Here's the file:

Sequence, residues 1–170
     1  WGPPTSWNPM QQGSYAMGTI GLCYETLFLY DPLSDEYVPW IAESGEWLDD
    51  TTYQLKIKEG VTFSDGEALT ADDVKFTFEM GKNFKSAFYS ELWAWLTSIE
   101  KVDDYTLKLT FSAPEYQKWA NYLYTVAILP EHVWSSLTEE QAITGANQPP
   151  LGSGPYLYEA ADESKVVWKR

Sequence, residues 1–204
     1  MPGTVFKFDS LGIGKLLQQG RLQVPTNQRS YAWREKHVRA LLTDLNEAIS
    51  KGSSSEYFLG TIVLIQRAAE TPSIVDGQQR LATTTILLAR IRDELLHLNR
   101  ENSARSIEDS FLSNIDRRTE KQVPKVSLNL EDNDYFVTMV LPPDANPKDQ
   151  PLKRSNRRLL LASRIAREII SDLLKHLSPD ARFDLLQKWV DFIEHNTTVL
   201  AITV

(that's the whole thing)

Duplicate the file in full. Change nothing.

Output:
Sequence, residues 1–170
     1  WGPPTSWNPM QQGSYAMGTI GLCYETLFLY DPLSDEYVPW IAESGEWLDD
    51  TTYQLKIKEG VTFSDGEALT ADDVKFTFEM GKNFKSAFYS ELWAWLTSIE
   101  KVDDYTLKLT FSAPEYQKWA NYLYTVAILP EHVWSSLTEE QAITGANQPP
   151  LGSGPYLYEA ADESKVVWKR

Sequence, residues 1–204
     1  MPGTVFKFDS LGIGKLLQQG RLQVPTNQRS YAWREKHVRA LLTDLNEAIS
    51  KGSSSEYFLG TIVLIQRAAE TPSIVDGQQR LATTTILLAR IRDELLHLNR
   101  ENSARSIEDS FLSNIDRRTE KQVPKVSLNL EDNDYFVTMV LPPDANPKDQ
   151  PLKRSNRRLL LASRIAREII SDLLKHLSPD ARFDLLQKWV DFIEHNTTVL
   201  AITV